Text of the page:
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Netflix to Join Internet ‘Slowdown’ to Call for Robust Net Neutrality Rules

Netflix is joining dozens of companies and organizations for a symbolic Internet “slowdown” on Wednesday to call attention to the need for robust net neutrality rules, currently under consideration by the FCC.

The company said that it won’t actually slow down its website or movies, but will feature a spinning wheel icon on member and non-member homepages, with traffic routed to battleforthenet.com.

“Cable companies are spending millions to gut net neutrality and slow your Internet to a crawl,” the site says. “We can’t let them.”

Netflix has been among the most prominent companies pushing the FCC to adopt strong net neutrality rules, including provisions that would prevent Internet providers from slowing down traffic for certain types of content or establishing special “fast lanes” in which a site could pay for better access to consumers. Netflix also has been complaining that Comcast and other Internet providers are charging interconnection fees, or agreements by video content companies to deliver a high quality signal to an Internet providers subscriber.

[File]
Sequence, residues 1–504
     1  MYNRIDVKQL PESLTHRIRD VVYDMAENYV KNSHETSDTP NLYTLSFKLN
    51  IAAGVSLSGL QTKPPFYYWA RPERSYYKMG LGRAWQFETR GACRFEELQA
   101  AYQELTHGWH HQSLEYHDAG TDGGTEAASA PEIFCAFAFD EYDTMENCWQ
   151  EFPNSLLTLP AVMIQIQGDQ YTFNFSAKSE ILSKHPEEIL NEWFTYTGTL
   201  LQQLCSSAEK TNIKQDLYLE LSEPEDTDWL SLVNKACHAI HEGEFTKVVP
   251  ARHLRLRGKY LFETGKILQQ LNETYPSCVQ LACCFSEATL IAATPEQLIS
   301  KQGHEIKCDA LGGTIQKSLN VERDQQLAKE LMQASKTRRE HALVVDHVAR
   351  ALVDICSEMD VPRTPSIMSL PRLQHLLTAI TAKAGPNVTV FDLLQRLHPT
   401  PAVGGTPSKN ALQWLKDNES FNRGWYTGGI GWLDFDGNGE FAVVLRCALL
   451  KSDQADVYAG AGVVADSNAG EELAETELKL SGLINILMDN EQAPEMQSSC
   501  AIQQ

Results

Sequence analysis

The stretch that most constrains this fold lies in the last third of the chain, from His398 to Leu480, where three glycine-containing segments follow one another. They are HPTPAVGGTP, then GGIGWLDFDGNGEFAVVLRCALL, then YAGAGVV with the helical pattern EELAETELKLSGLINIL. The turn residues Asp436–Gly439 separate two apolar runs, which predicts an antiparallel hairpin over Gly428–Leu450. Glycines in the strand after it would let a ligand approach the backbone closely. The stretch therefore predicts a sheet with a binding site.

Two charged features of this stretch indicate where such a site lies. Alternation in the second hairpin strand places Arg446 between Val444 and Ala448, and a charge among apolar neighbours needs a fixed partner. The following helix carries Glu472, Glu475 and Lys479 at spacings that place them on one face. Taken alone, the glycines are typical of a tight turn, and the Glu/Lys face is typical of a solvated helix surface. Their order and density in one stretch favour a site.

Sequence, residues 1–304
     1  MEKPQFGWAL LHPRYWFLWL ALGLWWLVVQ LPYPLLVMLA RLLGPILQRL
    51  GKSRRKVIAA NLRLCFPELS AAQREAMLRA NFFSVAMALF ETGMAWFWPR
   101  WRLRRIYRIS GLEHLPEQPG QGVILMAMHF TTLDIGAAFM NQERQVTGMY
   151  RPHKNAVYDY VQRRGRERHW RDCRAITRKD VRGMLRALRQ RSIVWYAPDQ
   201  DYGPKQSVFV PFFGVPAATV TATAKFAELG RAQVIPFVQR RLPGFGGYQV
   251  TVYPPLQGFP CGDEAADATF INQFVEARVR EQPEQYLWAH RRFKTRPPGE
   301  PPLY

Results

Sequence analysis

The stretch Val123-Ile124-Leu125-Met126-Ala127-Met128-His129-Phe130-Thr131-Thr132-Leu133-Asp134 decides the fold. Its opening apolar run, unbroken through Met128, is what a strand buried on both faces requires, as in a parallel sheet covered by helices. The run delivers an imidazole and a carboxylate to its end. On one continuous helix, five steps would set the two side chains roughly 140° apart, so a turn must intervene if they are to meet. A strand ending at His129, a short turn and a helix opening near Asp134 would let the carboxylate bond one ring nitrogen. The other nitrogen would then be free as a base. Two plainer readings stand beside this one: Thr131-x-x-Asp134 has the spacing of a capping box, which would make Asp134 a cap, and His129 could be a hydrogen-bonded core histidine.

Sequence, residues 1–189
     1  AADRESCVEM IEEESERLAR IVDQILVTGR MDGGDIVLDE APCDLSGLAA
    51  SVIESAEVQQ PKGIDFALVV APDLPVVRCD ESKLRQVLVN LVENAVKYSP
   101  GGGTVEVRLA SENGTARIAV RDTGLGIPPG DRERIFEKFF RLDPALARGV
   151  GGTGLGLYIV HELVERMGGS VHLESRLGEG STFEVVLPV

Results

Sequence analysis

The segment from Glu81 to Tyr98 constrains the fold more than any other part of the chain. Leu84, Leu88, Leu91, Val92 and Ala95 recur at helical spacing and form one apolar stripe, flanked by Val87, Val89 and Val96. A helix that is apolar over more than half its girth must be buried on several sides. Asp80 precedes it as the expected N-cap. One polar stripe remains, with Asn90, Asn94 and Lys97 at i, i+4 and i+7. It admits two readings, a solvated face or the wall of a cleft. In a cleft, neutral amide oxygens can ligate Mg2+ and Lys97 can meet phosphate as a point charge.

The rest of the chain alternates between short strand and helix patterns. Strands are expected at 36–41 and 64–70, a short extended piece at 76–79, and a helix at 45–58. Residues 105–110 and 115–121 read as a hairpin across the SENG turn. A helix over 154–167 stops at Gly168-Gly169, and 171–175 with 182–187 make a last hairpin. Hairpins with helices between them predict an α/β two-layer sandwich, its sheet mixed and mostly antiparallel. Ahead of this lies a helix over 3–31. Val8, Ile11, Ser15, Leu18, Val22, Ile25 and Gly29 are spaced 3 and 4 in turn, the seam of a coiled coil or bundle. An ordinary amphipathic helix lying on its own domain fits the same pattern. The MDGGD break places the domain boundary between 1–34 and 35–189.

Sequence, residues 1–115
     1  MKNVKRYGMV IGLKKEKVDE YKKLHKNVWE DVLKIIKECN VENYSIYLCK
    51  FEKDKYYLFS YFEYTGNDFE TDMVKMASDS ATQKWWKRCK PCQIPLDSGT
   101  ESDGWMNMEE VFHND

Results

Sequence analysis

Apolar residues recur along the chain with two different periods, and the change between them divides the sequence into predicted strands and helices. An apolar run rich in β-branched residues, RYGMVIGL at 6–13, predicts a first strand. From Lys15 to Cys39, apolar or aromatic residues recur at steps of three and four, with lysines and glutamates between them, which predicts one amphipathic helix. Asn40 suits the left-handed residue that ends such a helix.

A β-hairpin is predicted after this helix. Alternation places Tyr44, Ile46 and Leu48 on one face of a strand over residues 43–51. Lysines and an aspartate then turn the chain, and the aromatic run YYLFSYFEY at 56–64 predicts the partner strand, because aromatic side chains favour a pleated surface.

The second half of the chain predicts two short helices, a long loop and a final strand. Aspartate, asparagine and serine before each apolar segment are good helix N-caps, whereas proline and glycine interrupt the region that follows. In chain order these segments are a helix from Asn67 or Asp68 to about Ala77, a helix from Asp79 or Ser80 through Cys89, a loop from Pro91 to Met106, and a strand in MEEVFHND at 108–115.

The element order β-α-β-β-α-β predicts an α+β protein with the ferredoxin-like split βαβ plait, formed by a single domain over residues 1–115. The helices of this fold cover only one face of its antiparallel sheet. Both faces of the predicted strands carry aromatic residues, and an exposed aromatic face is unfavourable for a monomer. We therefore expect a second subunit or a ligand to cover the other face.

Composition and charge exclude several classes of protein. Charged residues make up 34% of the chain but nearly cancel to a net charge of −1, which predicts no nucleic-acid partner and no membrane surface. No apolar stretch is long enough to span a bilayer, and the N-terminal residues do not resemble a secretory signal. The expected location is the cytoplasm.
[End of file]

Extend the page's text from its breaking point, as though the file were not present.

“Consumers, not broadband gatekeepers, should pick the winners and losers on the Internet,” Netflix said in a statement. “Strong net neutrality rules are needed to stop Internet service providers from demanding extra fees or slowing delivery of content to consumers who already have paid for Internet access. Any FCC rules must ensure access to content without ISPs favoring, impeding or charging particular content companies.”

Other companies participating include Reddit, CredoMobile, Boing Boing, Digg, Upworthy, Kickstarter, Foursquare, WordPress and Vimeo. Organizations taking part include the Writers Guild of America east and west, Common Cause and Demand Progress.

The Internet ‘slowdown’ evokes the 2012 SOPA “blackout,” in which hundreds of sites like Wikipedia went black for the day to protest proposed anti-piracy legislation. After congressional offices were inundated with calls, Senate and House leaders sidelined the bills, including the Protect IP Act and the Stop Online Piracy Act.

In contrast, the latest action will be symbolic, and the list of companies so far does not include Google, which was among the leading companies fighting SOPA and for a previous set of net neutrality rules that the FCC adopted in 2010.

 

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